Afterwards, Johanan accused Jeremiah of lying to him (Jeremiah 43:2). In spite of Jeremiah’s warning, it says in Jeremiah 43:5-7, “But Johanan the son of Kareah, and all the captains of the forces, took all the remnant of Judah, that were returned from all nations, whither they had been driven, to dwell in the land of Judah: even men, and women, and children, and the king’s daughters, and every person that Nebuzar-adan the captain of the guard had left with Gedaliah the son of Ahikam the son of Shaphan, and Jeremiah the prophet, and Baruch the son of Neriah. So they came into the land of Egypt: for they obeyed not the voice of the LORD: thus came they even to Tahpanhes.”

Transfer of wealth

King Solomon, who has been credited with being the wealthiest man to ever live, invested millions of dollars in the construction of his palace and the temple of God. Many of the items in God’s temple were overlaid with gold and the exterior covered with brass. When the army of the Chaldees came into Jerusalem, they ransacked the city and took all of its valuable treasures back to Babylon with them.

2 Kings 25:8-9 says:

And in the fifth month, on the seventh day of the month, which is the nineteenth year of king Nebuchadnezzar king of Babylon, came Nebuzar-adan, captain of the guard, a servant of the king of Babylon, into Jerusalem: and he burnt the house of the LORD, and the king’s house, and all the houses of Jerusalem, and every great man’s house burnt he with fire. And all the army of the Chaldees, that were with the captain of the guard, brake down the walls of Jerusalem round about.”

Three of the items that were removed from the temple before it was burned were identified as: 1) two pillars of brass, 2) ten bases of brass, and 3) the brazen sea that was in the house of the LORD (2 Kings 25:13). The dimensions of these items can be found in 1 Kings 7:15, 27, and 23. The two pillars of brass were each eighteen cubits high and twelve cubits around, so approximately 27 feet high and 18 feet around. The weight of just one of these pillars may have been as much as 366,469 lbs.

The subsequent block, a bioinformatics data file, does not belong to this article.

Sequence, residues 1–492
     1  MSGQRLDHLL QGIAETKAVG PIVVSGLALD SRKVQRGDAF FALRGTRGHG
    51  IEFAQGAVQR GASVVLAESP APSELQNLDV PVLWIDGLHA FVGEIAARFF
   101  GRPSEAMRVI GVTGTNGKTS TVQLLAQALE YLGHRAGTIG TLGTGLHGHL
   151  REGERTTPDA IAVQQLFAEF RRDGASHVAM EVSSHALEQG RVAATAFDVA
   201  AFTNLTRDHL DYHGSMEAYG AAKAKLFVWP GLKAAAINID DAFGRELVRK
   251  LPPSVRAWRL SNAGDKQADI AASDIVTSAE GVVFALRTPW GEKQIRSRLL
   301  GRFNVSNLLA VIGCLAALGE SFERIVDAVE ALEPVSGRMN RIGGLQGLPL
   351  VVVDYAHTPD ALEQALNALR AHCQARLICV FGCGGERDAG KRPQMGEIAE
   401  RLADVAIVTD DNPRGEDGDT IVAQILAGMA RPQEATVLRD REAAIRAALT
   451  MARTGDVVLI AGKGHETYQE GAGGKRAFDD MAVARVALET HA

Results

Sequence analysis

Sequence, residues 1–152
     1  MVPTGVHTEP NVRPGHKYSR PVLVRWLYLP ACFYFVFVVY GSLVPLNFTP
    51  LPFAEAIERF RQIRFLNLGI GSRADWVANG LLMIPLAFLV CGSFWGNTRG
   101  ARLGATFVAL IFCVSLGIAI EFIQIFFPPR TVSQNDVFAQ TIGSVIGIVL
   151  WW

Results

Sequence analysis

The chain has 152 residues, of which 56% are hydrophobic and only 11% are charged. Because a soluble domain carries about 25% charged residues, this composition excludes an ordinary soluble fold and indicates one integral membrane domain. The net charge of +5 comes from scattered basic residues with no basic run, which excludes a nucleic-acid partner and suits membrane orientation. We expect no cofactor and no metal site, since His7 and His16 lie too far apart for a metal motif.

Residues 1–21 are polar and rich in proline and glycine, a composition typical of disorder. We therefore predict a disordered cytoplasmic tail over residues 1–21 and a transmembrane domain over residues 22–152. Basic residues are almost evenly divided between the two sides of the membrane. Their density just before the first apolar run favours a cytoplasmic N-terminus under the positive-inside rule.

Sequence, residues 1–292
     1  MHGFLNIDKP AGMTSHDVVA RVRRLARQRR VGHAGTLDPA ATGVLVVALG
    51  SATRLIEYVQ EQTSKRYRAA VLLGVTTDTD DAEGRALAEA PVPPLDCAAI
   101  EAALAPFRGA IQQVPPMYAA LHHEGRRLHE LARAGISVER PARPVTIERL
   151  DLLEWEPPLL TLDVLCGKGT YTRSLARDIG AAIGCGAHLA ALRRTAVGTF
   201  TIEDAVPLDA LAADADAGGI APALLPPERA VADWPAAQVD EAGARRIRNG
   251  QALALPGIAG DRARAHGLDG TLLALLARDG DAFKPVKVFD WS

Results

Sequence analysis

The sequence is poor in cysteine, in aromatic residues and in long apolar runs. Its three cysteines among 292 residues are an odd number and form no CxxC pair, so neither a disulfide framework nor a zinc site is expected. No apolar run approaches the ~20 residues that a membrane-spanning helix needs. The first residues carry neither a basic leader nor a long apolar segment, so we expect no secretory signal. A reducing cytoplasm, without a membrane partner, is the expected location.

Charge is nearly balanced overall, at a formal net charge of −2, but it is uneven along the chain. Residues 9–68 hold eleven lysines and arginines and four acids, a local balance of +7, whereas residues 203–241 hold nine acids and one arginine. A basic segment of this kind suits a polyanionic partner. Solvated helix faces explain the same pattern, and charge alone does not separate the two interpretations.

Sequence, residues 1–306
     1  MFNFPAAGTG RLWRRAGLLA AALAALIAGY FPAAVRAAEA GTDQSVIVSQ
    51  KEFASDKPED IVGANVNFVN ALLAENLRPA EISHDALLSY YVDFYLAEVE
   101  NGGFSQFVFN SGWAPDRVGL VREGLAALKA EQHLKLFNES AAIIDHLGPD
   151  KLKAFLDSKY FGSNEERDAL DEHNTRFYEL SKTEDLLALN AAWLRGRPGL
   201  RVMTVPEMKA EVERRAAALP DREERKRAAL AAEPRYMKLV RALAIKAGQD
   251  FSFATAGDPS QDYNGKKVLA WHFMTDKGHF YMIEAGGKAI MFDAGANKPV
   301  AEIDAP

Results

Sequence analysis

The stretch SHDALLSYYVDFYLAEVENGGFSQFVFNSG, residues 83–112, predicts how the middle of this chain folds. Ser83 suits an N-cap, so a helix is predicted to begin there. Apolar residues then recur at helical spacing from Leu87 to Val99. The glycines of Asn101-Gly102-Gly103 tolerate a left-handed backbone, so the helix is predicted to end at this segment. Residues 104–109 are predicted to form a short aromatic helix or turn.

It says in 2 Kings 25:13 and 16, “And the pillars of brass there were in the house of the LORD, and the bases, and the brazen sea that was in the house of the LORD, did the Chaldees break in pieces, and carried the brass of them to Babylon…the brass of all these vessels was without weight.” In other words, there was too much brass to weigh it. How king Nebuchadnezzar managed to move probably more than a million tons of brass, silver, and gold, more than 500 miles from Jerusalem to Babylon is unknown, but in the process, he became a very wealthy man.

Zedekiah’s escape

King Nebuchadnezzar’s attack of Jerusalem lasted from the ninth year and tenth month of Zedekiah’s reign over Judah until the eleventh year and fourth month, on the ninth day of that month. The exact date of the fall of Jerusalem is known to be July 18, 586 B.C. During the nineteen month siege upon his country, king Zedekiah pretended to believe Jerusalem would survive Nebuchadnezzar’s attack, but in reality, Zedekiah knew the end was coming.

When Nebuchadnezzar king of Babylon, all his princes, and all his army came against Jerusalem, and sat in the middle gate, a strategic vantage point for invaders; it says in Jeremiah 39:4: “And it came to pass, that when Zedekiah the king of Judah saw them, and all the men of war, then he fled, and went forth out of the city by night, by the way of the king’s garden, by the gate betwixt two walls: and he went out the way of the plain.” Zedekiah took with him all his princes and men of war and left the people of Jerusalem defenseless (Jeremiah 52:7-10).

Zedekiah’s plan of escape went against the counsel he received from Jeremiah. The LORD told Jeremiah, “And Zedekiah king of Judah shall not escape out of the hands of the Chaldeans, but shall surely be delivered into the hand of the king of Babylon, and shall speak with him mouth to mouth, and his eyes shall behold his eyes” (Jeremiah 32:4). The Chaldean army overtook Zedekiah in the plans of Jericho and brought him to Nebuchadnezzar’s military headquarters (Jeremiah 39:5).

Zedekiah was appointed king of Judah by Nebuchadnezzar in 597 B.C. after the first wave of captives was taken to Babylon (2 Kings 24:14, 17). Initially, Zedekiah did what Nebuchadnezzar wanted him to , but later Zedekiah rebelled against the king of Babylon and sought assistance from the king of Egypt because Nebuchadnezzar “made him swear by God” that he would remain faithful to their agreement (2 Chronicles 36:13). It says of Zedekiah in 2 Chronicles 36:13 that “he stiffened his neck, and hardened his heart from turning unto the LORD God of Israel.”